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    V: Ichthyology VI

    2021-07-26   09:00 - 10:15

    Moderator: Pamela Hart

    1.  09:00  VIRTUAL    Systematic Overview of Altigena, Bangana, and Incisilabeo(Cyprinidae: Labeoninae) in Southeast Asia. Patrick Ciccotto*, Warren Wilson College

    The freshwater genus BanganaHamilton has a complex taxonomic history. Originally erected as a subgenus of Cyprinus Linnaeus, Banganawas later considered invalid with constituent species placed in LabeoCuvier or SinilabeoRendahl. Banganawas resurrected in the mid-1980s and remains valid today. However, more recent examinations of oromandibular morphology and molecular phylogenetic analyses have revealed Bangana to be a polyphyletic assemblage, with the current recognition of Bangana and several other genera, including Altigena and Incisilabeo. The taxonomic statuses of species of Altigena, Bangana, and Incisilabeo from Myanmar east to China are herein reviewed. Altigena lippafrom the Lower Mekong is redescribed and A. laticeps from the Upper Mekong is revalidated, in addition to a revised diagnosis of A. sinkleri from the Chao Phraya in Thailand. Bangana devdevifrom the Irrawaddy and Salween River basins is redescribed, with a discussion of nomenclatural issues for this species. Incisilabeo, which was originally diagnosed based on the unique morphology of large adults, is differentiated from other species of Bangana based on examinations of comparably sized specimens.

    2.  09:15  VIRTUAL    Integrative Taxonomy As A Tool for Conservation: Exploring Freshwater Fish Diversity of the Barra del Colorado Wildlife Refuge, Costa Rica. Taegan JM Perez*, Department of Ecology and Evolutionary Biology, University of Toronto Scarborough; João Pedro Fontenelle, Institute of Forestry and Conservation, University of Toronto; Arturo Angulo, Museo de Zoología y Centro de Investigación en Ciencias del Mar y Limnología, Universidade de Costa Rica; Nathan R Lovejoy, Department of Ecology and Evolutionary Biology, University of Toronto Scarborough

    As concerns over global biodiversity declines continue, diversity information becomes increasingly important for effective conservation planning and management. Diversity investigations rely on accurate taxonomic identification, which can be an arduous task in incredibly diverse groups, like the Neotropical freshwater fishes. Morphology-based approaches are conventionally used to assess diversity but can be inefficient when intra- and interspecific morphological variation overlaps. Previous assessments of the diversity of freshwater fishes in Costa Rica are based on traditional morphological identification methods, and no studies to date have implemented molecular techniques such as DNA barcoding for this region. We used an integrative approach that combines morphological and molecular identification techniques to explore the fish diversity of the Barra del Colorado Wildlife Refuge, Costa Rica. This integrative approach documented 42 species and 35 genera, from survey efforts over multiple years. We identified six species not previously surveyed in the area and two non-native species. We identified lingering issues of misidentifications and incompleteness in publicly available barcode databases used for molecular identification and conservation. To remedy this, we propose the first curated DNA barcode library for the region, using critically evaluated public data and sequences from specimens collected in BCWR.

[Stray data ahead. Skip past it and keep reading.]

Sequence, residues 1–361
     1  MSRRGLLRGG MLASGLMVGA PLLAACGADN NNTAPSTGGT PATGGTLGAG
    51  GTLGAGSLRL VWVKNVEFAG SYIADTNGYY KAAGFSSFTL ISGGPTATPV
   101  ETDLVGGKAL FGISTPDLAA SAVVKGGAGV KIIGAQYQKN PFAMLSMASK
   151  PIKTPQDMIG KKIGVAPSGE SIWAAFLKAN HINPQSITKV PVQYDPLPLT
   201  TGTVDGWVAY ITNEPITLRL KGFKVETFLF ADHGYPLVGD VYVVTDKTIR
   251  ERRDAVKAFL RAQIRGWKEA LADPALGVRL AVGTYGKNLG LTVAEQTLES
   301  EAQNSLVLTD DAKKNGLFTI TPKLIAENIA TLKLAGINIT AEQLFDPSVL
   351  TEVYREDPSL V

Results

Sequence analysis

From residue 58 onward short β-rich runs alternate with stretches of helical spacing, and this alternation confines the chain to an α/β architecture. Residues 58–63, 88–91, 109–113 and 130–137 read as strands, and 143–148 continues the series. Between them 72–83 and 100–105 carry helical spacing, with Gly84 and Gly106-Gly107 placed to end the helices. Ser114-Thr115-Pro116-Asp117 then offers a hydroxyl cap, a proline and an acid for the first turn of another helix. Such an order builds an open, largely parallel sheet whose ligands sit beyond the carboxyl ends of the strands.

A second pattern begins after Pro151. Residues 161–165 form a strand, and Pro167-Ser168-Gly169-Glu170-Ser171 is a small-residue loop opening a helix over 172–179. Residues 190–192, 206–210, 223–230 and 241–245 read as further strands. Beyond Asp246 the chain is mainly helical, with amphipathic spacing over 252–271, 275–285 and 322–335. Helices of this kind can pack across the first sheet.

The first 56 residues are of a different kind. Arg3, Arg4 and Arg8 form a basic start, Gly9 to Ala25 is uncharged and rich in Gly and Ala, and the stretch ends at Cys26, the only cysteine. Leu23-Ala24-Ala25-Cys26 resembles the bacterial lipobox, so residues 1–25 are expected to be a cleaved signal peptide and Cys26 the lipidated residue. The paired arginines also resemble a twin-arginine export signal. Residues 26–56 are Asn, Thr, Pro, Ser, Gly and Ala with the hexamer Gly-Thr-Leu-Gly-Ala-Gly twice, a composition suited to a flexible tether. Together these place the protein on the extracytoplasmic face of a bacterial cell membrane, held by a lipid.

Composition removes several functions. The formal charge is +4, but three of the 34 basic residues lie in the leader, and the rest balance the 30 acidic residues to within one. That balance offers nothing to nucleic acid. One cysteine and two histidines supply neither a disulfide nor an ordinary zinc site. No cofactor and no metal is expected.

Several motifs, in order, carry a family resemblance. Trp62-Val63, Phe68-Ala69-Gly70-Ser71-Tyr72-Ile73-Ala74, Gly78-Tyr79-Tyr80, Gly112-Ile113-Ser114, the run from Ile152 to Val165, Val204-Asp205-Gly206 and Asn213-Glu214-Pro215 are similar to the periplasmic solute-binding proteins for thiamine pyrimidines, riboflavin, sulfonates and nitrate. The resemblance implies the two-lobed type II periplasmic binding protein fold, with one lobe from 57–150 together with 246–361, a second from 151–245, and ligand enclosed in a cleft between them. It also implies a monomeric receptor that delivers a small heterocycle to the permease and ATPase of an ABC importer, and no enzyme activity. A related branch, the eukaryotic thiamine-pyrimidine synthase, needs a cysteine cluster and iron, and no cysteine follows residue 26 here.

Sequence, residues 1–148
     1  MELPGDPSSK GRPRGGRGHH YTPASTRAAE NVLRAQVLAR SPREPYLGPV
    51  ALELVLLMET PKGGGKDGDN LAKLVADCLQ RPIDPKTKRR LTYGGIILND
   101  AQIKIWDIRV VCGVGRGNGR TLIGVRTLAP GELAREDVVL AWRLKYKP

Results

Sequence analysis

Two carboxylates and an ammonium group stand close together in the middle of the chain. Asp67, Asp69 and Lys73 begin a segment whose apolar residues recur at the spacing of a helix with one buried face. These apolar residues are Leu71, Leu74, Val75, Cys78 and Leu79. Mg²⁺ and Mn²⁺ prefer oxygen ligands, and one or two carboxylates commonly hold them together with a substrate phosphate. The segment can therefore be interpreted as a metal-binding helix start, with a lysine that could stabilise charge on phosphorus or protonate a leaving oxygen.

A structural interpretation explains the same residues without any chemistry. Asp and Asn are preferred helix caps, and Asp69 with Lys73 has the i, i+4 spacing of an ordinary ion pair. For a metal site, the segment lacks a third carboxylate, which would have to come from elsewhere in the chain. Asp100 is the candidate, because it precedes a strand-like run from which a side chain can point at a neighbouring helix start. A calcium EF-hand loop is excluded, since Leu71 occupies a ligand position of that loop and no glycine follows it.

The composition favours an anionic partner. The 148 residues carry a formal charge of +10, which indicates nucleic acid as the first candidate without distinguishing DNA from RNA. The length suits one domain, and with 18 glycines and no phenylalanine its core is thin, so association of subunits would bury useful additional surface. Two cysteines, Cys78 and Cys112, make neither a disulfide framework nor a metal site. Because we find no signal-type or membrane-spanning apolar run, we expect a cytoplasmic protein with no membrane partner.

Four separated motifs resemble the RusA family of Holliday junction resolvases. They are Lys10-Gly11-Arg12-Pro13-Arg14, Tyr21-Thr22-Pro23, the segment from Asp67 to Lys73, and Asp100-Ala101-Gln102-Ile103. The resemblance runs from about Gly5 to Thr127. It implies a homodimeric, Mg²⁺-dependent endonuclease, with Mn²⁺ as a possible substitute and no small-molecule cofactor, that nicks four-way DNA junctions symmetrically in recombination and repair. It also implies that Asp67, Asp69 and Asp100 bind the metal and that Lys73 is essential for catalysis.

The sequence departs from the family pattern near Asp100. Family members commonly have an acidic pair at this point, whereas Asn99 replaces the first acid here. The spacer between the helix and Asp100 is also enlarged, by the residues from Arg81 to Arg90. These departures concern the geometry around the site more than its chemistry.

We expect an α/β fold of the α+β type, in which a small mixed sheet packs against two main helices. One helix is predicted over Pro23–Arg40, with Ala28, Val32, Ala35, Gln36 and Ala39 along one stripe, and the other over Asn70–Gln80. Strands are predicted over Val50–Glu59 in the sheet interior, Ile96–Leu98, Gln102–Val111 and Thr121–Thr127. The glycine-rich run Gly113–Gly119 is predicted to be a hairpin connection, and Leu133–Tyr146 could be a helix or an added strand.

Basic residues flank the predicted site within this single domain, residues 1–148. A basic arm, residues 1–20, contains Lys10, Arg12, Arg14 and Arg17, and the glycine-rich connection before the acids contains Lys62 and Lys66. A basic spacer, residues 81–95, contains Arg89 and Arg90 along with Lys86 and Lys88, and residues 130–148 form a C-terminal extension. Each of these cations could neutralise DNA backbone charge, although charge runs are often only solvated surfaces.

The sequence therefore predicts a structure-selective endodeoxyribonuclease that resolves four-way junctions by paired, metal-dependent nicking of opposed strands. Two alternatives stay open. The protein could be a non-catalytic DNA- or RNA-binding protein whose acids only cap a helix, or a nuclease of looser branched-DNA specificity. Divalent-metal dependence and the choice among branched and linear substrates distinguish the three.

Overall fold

3.  09:30  VIRTUAL    Phylogeography of the Chocó Endemic Rainbow Characin (Teleostei: Rhoadsia). Roberto Cucalon, DePaul University; Jonathan Valdiviezo-Rivera, Instituto Nacional de Biodiversidad; Pedro Jimenez-Prado, Pontificia Universidad Catolica del Ecuador Sede Esmeraldas; Ronald Navarrete-Amaya, NA; Virginia Shervette, University of South Carolina Aiken; Antonmio Torres-Noboa, Universidad de Guayaquil; Natasha Wierzal, DePaul University; Thomas Borders, DePaul University; Nathan Lujan, American Museum of Natural History; Windsor Aguirre*, DePaul University